Por Paula Henriquez

HAVANA TIMES – We are in a time when the world is experiencing one of its worst crises in recent history. Social distancing stops being an alternative or individual choice, when people seek refuge in other colorful and dreamlike realities.

They are virtual worlds full of interesting stories that put our skills to the test. There are many creative styles or genres. I think about this and many other things, while watching my husband on his computer.

It’s been a long time since he’s had so much free time to dip his feet in these waters… me too. I wasn’t that interested in it either, not like I am now.

I’m sure that this videogame mania isn’t something that has popped up with this pandemic. According to my husband, the reality is that the first prototypes first appeared in the ‘50s, soon after World War 2. Of course, they were not being called videogames at that time, they were just very simple and experimental electronic games. However, they laid the foundations for what was to come afterwards.

The arrival of the “Ataris” in Cuba

It wasn’t until the ‘70s that the world of digital entertainment took a really significant leap forward. It started to take real shape with the birth of Atari, an icon in the entertainment industry. It was so popular here in my country (Cuba) that it was normal for us to call any videogame console or platform “Atari”, even if they belonged to another company.

My generation began to enjoy the growing phenomenon a little later, due to the limitations here at the time. “Ataris” were only found in homes where a family member, had a chance to travel abroad, like sailors. Although, there were also a few recreational spaces where you could start seeing these devices.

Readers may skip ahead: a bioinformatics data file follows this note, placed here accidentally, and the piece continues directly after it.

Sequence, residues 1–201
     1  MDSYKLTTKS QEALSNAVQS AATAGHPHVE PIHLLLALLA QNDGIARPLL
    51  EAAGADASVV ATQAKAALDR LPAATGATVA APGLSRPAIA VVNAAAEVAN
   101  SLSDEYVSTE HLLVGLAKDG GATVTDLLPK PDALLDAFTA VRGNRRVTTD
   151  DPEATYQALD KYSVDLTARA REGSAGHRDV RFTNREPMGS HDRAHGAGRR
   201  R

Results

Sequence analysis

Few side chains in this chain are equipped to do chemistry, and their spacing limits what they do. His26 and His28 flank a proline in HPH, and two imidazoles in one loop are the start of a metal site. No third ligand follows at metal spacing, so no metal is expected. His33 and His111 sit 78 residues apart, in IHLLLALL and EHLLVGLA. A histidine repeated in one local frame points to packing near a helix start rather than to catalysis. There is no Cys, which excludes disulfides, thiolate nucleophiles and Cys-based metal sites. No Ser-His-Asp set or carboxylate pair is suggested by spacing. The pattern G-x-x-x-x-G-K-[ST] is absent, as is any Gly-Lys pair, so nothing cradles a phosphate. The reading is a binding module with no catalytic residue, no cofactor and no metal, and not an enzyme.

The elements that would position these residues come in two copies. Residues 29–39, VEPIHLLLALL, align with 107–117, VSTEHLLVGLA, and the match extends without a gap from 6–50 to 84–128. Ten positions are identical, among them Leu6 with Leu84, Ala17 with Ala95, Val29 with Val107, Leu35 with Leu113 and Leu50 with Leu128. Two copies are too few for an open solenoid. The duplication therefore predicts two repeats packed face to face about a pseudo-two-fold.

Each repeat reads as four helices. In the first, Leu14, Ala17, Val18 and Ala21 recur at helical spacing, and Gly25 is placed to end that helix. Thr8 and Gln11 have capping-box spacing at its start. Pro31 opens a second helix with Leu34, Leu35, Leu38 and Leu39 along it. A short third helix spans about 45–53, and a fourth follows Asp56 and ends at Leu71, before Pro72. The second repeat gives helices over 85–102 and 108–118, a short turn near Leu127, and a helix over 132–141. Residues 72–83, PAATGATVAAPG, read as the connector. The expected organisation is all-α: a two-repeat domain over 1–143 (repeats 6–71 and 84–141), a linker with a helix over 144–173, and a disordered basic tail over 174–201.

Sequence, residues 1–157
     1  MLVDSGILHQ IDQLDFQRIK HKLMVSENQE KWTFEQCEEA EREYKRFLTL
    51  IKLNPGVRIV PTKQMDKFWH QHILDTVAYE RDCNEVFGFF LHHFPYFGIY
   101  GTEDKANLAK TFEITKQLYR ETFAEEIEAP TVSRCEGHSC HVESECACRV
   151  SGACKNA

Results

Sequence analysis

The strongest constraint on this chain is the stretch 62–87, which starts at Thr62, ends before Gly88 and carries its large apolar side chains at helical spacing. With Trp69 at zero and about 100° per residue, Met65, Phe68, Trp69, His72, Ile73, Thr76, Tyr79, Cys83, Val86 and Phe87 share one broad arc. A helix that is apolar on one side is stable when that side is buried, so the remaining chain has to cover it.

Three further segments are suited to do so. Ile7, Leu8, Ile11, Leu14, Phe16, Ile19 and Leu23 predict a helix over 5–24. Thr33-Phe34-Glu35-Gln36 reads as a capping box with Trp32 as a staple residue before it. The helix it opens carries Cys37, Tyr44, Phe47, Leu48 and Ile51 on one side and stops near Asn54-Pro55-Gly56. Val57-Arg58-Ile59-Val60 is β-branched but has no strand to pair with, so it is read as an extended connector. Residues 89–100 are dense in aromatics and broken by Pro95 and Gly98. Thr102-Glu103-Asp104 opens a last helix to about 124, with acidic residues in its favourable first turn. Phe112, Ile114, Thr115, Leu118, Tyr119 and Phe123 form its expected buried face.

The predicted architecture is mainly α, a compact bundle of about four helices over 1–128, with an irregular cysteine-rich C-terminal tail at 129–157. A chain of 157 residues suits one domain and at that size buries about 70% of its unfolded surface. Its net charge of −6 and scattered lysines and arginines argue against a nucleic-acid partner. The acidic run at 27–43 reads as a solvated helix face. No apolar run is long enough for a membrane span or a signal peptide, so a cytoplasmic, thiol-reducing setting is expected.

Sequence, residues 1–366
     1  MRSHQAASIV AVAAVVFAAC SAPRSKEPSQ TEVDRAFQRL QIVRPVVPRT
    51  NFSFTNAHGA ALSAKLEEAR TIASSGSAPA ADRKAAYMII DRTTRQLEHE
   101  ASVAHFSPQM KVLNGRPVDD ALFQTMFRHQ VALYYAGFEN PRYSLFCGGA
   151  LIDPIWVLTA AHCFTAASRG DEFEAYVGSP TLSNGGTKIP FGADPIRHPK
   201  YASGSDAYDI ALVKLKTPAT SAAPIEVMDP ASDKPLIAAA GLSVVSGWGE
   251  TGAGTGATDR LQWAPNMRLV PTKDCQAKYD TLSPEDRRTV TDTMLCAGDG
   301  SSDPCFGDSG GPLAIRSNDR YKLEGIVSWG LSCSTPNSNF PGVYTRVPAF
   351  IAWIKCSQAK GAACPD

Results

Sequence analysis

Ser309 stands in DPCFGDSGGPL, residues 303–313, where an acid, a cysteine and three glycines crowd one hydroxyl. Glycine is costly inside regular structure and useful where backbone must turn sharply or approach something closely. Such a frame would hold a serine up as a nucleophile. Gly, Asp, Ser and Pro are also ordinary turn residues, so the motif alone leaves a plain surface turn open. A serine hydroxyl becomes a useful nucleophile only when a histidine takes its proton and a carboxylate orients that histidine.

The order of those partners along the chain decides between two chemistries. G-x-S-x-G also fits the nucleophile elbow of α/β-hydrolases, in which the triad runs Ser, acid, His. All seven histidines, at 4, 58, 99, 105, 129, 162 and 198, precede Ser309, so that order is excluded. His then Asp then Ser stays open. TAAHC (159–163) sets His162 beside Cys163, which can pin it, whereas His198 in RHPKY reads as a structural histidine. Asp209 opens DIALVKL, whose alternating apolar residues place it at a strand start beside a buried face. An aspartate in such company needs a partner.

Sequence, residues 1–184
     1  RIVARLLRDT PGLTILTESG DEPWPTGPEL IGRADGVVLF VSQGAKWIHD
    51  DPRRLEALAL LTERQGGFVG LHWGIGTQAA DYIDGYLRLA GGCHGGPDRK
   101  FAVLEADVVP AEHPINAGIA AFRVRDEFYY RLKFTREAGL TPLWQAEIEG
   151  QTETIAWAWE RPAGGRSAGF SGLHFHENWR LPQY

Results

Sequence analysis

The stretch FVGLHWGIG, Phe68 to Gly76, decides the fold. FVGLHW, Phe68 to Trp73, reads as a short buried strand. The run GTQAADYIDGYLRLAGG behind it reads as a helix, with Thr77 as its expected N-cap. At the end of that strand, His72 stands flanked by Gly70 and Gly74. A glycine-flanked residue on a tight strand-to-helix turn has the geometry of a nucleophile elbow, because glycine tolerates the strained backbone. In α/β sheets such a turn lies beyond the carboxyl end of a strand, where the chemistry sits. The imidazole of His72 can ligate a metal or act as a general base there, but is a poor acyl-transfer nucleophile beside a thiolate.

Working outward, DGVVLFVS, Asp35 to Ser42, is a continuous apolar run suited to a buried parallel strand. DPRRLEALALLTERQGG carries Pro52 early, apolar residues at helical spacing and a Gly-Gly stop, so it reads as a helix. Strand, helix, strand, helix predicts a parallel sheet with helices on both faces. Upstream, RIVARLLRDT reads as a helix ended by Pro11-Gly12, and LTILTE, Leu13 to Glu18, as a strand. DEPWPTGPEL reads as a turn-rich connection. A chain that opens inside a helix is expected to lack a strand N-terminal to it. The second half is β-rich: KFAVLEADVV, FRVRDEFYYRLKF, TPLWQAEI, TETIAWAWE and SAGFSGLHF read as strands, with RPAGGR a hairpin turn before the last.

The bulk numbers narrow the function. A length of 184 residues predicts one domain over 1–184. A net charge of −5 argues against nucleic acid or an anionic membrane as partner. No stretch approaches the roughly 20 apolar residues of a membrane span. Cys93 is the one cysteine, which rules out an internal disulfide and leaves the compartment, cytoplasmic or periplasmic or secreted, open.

This parallel universe didn’t escape my husband. Although he told me that he wasn’t so lucky to have a sailor in the family. Nevertheless, he managed to enjoy playing these much-desired devices. If there’s one thing that defines us Cubans, it’s that we know how to share whatever we have, I think.

Somebody would always turn up with a console and some games, another person would turn up with a TV and connect it up, and then it would be ready for adventures. It was a period full of shortages, but he remembers it with nostalgia, he tells me.

We finally reached the conclusion that friends continue to meet up, but remotely. New telecommunication technology allows us to play a lot of well-elaborated, complex and well-thought out games, real masterpieces, in real time and online.

At the end of the day, this virtual encounter is what the current situation calls for. It is one of the many options that allows us to keep in touch, to not lose our relationships. While at the same time keeping the much-needed physical distance we need today.

We are adventurers with our own avatars, sharing a story or fighting a common enemy. If we look at it this way, we might not miss the times when sat on the floor all together.

Read more diary posts from Paula Henriquez


Paula Henriquez

Paula Henriquez: Since childhood I have been told I should be careful what I say in public. "Think before you speak, especially in front of others," my mother would say, and it was more of a plea than a scolding. Even today I hear her and I obey her, just that I do not speak, I write. Letters and words are my escape, my exit and daily catharsis, which printed on paper, revive me. And this picture is my refuge.

Leave a Reply

Your email address will not be published. Required fields are marked *